Makeup brushes can be quite the rough terrain to navigate. Questions of which specific ones you need for your everyday kit, to the even more pressing question of do you really need to drop a pretty dime on high quality versions that will require almost a full week’s paycheck, will linger somewhere in the shallows of your mind. Basically, is it really necessary? Yes, it is, and no, it is not. Recently I was cleaning my own brushes on a lazy Sunday, and when lining them up to dry I took a good scan at every single one of them realizing that almost each are drugstore brushes. Many will profess that investing in high quality brushes will give you a return on invest in terms of longevity, bristle quality – overall the majority opinion is that drugstore brushes are accompanied by a set of sacrifices. I call bullshit on that.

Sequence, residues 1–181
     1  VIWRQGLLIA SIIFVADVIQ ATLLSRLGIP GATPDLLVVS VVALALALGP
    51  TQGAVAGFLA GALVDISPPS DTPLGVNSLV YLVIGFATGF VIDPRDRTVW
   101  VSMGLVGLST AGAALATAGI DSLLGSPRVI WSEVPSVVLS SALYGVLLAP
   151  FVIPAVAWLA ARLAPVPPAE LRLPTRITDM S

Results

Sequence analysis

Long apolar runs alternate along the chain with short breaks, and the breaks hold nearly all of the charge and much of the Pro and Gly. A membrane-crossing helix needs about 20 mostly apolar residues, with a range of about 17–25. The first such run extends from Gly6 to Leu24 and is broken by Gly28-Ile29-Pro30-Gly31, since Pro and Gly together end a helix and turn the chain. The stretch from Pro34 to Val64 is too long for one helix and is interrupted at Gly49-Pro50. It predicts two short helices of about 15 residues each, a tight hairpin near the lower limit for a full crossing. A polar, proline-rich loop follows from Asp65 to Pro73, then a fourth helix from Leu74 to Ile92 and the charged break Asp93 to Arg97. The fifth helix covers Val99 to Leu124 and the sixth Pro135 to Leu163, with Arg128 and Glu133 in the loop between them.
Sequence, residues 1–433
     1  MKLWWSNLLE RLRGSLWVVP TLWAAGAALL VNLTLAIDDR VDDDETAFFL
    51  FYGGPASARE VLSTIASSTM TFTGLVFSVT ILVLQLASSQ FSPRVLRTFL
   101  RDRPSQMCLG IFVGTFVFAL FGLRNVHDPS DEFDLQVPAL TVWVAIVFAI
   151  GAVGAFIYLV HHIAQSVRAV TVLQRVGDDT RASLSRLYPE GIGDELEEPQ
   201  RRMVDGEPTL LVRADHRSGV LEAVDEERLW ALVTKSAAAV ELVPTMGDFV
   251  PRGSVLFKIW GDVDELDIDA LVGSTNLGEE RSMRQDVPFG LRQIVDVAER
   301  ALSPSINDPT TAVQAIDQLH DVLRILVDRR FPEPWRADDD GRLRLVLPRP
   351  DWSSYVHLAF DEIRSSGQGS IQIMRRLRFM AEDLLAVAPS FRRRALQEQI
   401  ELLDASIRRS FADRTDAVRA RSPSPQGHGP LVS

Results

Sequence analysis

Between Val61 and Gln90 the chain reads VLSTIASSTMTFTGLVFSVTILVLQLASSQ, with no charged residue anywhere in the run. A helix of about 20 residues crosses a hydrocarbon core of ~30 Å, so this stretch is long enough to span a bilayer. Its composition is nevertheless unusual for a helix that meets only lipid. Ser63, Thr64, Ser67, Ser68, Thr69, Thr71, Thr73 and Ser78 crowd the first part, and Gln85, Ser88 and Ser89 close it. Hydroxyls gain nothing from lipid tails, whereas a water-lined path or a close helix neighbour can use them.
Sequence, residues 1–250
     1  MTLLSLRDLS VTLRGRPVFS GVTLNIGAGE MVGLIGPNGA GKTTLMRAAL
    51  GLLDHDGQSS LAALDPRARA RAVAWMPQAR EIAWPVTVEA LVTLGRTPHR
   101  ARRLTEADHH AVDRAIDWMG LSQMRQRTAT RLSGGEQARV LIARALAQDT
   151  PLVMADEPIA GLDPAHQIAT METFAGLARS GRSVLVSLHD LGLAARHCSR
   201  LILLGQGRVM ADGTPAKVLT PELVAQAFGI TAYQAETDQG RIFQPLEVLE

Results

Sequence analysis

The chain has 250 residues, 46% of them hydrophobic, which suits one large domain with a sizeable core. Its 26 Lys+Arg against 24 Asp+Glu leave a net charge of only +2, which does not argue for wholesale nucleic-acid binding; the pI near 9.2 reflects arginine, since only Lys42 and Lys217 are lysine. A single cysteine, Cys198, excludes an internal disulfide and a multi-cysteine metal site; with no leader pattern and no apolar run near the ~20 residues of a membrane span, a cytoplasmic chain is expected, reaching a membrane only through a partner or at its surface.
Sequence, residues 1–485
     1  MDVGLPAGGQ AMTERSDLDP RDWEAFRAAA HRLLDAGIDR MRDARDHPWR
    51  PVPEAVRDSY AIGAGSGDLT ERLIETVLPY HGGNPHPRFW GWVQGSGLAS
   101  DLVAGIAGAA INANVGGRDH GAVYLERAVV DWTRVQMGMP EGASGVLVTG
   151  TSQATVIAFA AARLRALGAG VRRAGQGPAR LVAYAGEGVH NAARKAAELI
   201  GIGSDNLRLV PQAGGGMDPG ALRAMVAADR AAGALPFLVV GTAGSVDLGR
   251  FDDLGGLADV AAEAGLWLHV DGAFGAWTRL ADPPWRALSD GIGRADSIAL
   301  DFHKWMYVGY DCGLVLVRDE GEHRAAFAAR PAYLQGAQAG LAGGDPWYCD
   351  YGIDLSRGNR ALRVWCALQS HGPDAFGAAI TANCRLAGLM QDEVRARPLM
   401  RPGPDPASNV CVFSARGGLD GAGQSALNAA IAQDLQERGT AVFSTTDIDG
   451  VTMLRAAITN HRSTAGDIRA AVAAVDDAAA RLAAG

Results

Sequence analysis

Anywhere from a $3.00 e.l.f. brush to the basics set by Real Techniques, each of my brushes live up to the quality that a higher-end brush supposedly is manufactured with. Below I listed my top favorite brushes out of my current collection that I use on a daily basis and could not picture doing my face without otherwise.
Real Techniques – Powder Brush, $9.99